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Rapidstrike Battery Mod

NiMH

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#1 shandsgator8

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Posted 23 January 2016 - 02:11 PM

There are a lot of questions about how to do an electrical or battery modification to a flywheel blaster, such as the Rapidstrike. This brief write up will explain one way to use a rechargeable battery pack without modifying the major portions of the blaster. All that's modified is the Rapidstrike's battery tray.

 

Advantages of this mod: very easy to do, assuming you have soldering and R/C experience, yet will give a substantial increase in performance (ROF and FPS). You do not need to open the blaster itself.

 

Disadvantages of this mod: not the most efficient (electrically speaking), requires soldering skills and necessitates the user to acquire a rechargeable batter pack (LiPo, Li-Ion, NiCd or NiMH).

 

The following pictures show a side-by-side 6 cell battery pack using 2,000mah Eneloop AA batteries and a Deans Micro Connector.

 

This is such a simple mod and I know many of you have either seen it or done it yourself. However, for some of the newbies out there, these pictures should hopefully explain the basic idea of one type of battery mod.

 

The pictures explain it all:

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Edited by shandsgator8, 23 January 2016 - 02:15 PM.

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#2 Quack

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Posted 23 January 2016 - 06:39 PM

There are a lot of questions about how to do an electrical or battery modification to a flywheel blaster, such as the Rapidstrike. This brief write up will explain one way to use a rechargeable battery pack without modifying the major portions of the blaster. All that's modified is the Rapidstrike's battery tray.

 

Advantages of this mod: very easy to do, assuming you have soldering and R/C experience, yet will give a substantial increase in performance (ROF and FPS). You do not need to open the blaster itself.

 

Disadvantages of this mod: not the most efficient (electrically speaking), requires soldering skills and necessitates the user to acquire a rechargeable batter pack (LiPo, Li-Ion, NiCd or NiMH).

 

The following pictures show a side-by-side 6 cell battery pack using 2,000mah Eneloop AA batteries and a Deans Micro Connector.

 

This is such a simple mod and I know many of you have either seen it or done it yourself. However, for some of the newbies out there, these pictures should hopefully explain the basic idea of one type of battery mod.

 

The pictures explain it all:

This is great for people who don't want to open the blaster. However, if you don't remove the thermistors, the blaster will shut down due to the power going through.


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#3 shandsgator8

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Posted 23 January 2016 - 06:46 PM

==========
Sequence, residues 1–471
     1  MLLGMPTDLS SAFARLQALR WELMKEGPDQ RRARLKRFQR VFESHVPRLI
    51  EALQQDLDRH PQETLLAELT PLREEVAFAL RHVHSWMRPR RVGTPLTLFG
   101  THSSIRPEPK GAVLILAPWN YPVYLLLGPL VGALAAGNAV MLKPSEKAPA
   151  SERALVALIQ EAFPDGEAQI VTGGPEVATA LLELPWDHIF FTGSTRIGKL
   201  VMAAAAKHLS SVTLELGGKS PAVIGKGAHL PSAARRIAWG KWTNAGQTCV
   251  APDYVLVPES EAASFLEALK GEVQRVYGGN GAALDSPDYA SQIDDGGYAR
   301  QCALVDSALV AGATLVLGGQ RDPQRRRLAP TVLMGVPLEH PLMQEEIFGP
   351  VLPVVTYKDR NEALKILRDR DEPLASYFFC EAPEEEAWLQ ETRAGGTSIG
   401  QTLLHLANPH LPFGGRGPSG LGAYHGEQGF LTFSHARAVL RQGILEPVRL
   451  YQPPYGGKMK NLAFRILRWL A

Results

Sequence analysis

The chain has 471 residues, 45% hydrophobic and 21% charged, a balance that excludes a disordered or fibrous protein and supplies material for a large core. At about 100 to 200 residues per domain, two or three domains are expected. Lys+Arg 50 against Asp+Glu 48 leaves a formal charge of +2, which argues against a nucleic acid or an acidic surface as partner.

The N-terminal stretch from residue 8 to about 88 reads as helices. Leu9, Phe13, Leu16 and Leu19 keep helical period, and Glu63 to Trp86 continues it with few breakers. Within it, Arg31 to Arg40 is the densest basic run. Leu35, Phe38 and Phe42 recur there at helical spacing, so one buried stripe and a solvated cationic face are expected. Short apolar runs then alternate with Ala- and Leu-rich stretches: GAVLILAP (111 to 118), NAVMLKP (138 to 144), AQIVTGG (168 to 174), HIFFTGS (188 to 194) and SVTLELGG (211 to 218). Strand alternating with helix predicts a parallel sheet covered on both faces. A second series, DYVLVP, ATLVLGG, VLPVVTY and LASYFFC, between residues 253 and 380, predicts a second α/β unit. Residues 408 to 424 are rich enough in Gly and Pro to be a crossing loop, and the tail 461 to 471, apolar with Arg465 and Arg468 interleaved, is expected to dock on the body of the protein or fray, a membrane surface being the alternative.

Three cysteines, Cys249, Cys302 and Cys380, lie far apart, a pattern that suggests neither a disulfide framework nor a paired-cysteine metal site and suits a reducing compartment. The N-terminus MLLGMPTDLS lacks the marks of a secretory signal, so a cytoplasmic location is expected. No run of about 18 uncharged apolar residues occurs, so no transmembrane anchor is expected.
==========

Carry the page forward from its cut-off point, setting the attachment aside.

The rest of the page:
Not if you run a 6 cell NiMH AA or Sub C battery pack.


Edited by shandsgator8, 23 January 2016 - 06:46 PM.

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#4 Quack

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Posted 24 January 2016 - 10:04 AM

 

Disadvantages of this mod: not the most efficient (electrically speaking), requires soldering skills and necessitates the user to acquire a rechargeable batter pack (LiPo, Li-Ion, NiCd or NiMH).

 

It should work fine for that but not a Li-po. Don't think I don't like you mod, one of my first mods was a much messier version of this. It is great for modders who have a basic understanding of soldering and batteries. However, I just didn't want someone reading this putting a LiPo in their blaster and wondering why it stops working.


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#5 shandsgator8

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Posted 24 January 2016 - 12:57 PM

It should work fine for that but not a Li-po. Don't think I don't like you mod, one of my first mods was a much messier version of this. It is great for modders who have a basic understanding of soldering and batteries. However, I just didn't want someone reading this putting a LiPo in their blaster and wondering why it stops working.

 

Can you explain why not? Is it because even a 2S LiPo will trip the thermister or something? I'd be surprised if it does, since a 6 cell NiMH hot off the charger can be over 8.5 volts.


Edited by shandsgator8, 24 January 2016 - 12:58 PM.

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#6 jwasko

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Posted 24 January 2016 - 02:29 PM

Thermistors (specifically the PTCs used  by Hasbro) specifically respond to heat, and I that heat is generated by current rather than voltage specifically.

 

Now, generally adding volts (like using an overcharged 6-cell NIMH or a 2S LiPo) will make the motors demand more current...which could cause the PTC to overheat/shut off your blaster.

 

The fact that it is not happening with your NiMH pack means one of three things:

1. The (stock) motors aren't pulling enough current to trip the PTC.

2. The resistance from the stock wiring and spring contacts are limiting the current from the battery to a level that the PTC doesn't trip.

3. Your NIMH batteries aren't producing enough current to trip the PTC anyway


Edited by jwasko, 24 January 2016 - 02:32 PM.

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#7 shandsgator8

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Posted 24 January 2016 - 02:35 PM

Hmmmm, ok. If LiPos won't work with this mod, but NiMH AA cells do, perhaps the LiPos are able to delivery more current than the NiMHs are able to, notwithstanding the resistance of the stock battery contacts and wiring.


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